Marijuana is medically prescribed for a reason – it has incredible benefits to the ailing human body. Naysayers may dispute the power properties of pot but those people are, in a word, wrong. Cannabis can – and does – help with a number of medical conditions.
Nausea is a condition where a person feels like they are going to throw up. Sometimes they do and sometimes they don’t but it can prevent someone from eating and enjoying a comfortable life. Whether this condition is brought on by a 24-hour bug or cancer treatments, cannabis is well known for its nausea relieving abilities. If you are having tummy troubles, smoking even a little weed can help you feel some peace.
Insomnia affects a person’s ability to sleep. Sometimes they can make it to the bed but not pass out for hours, if at all. Anyone who has smoked a heavy indica, or eaten just the right dosage of edibles knows that cannabis can and will knock you right out. It is a beautiful thing for an insomniac to be able to lay down in bed at night, close their eyes and actually fall asleep. It sure beats Ambien, which has been known to create “Ambien Zombies” that do way more than just sleepwalk while they should be peacefully snoozing. One (hilarious) article details one flight attendant’s multiple run-ins with Ambien Zombies who she says “are probably nice, normal people who just want to get a little sleep on an airplane. Then they choose to take Ambien for the first time on a big metal tube hurtling through the sky after they throw back a couple of cocktails.”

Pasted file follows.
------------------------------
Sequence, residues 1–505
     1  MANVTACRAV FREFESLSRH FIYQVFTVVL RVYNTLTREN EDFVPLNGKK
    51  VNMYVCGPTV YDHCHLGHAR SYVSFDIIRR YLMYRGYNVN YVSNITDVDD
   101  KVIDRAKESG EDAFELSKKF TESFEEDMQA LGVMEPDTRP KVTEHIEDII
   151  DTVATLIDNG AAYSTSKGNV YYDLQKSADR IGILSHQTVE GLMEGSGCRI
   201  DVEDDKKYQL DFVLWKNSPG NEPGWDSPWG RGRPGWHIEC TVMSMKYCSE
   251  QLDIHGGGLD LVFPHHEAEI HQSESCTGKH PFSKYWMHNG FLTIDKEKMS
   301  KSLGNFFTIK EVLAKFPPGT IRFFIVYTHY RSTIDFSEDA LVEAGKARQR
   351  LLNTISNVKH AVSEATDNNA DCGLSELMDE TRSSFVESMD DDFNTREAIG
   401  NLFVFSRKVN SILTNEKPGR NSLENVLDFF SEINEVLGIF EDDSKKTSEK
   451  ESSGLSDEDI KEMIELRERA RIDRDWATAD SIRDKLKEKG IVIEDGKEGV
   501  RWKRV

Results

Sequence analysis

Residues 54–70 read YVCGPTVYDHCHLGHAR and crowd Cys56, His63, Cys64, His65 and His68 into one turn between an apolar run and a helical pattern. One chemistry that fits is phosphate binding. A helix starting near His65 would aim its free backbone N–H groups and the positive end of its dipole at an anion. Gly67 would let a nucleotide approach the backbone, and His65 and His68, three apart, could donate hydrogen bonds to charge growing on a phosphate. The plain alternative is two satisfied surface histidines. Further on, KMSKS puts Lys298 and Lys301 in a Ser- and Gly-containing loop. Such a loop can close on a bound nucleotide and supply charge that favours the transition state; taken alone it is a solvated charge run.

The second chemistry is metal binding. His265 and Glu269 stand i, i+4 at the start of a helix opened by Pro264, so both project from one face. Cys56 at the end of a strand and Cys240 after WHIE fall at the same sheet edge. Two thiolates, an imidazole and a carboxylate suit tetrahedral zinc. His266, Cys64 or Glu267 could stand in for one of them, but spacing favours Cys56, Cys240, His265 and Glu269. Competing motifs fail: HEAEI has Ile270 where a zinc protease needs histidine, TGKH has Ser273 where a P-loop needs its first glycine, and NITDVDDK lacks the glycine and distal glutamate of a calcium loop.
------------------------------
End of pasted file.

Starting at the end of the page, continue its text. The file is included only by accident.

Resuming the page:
Glaucoma is a medical condition in which the optic nerve in the eye is affected and ultimately causes loss of vision. In the meantime it can cause severe headaches, blurry vision and enormous pressure on the eyeball. The American Academy of Ophthalmology has published research that shows cannabis lowers intraocular pressure – a painful side effect of glaucoma. When the people that teach this stuff admit cannabis helps, people listen up. Even actress, talk show host and cannabis company owner Whoopi Goldberg came out of the cannabis closer to profess her love for her vape pen and its ability to ease her issues associated with glaucoma.
Epilepsy is defined as, “a disorder of the nervous system, characterized either by mild, episodic loss of attention or sleepiness (petit mal) or by severe convulsions with loss of consciousness (grand mal).” Plainly said, people with epilepsy have seizures, sometimes many times a day. Anyone who contests marijuana’s efficacy in preventing seizures hasn’t seen the news in the last ten years. The Epilepsy Foundation isn’t shy about recommending cannabis as an option for those who have no other options left, “When conventional treatments do not work, as is the case for roughly 30% of people with epilepsy, it is not unreasonable to consider cannabis.” The Foundation does stray from talking about THC too much and focuses more on CBD as a treatment – but you have to start somewhere.
There are at least 100 different kinds of arthritis, which is a medical condition in which a person suffers from joint pain, stiffness and/or disease. As with most disorders cannabis is prescribed for, the studies are slim when it comes to cannabis and arthritis. It is not because cannabis doesn’t help the issue, it is because the federal government is still not really okay with allowing scientists to study the plant. With that said, the New York Times reported last year that marijuana has been linked to and widely accepted as a way to achieve arthritis relief.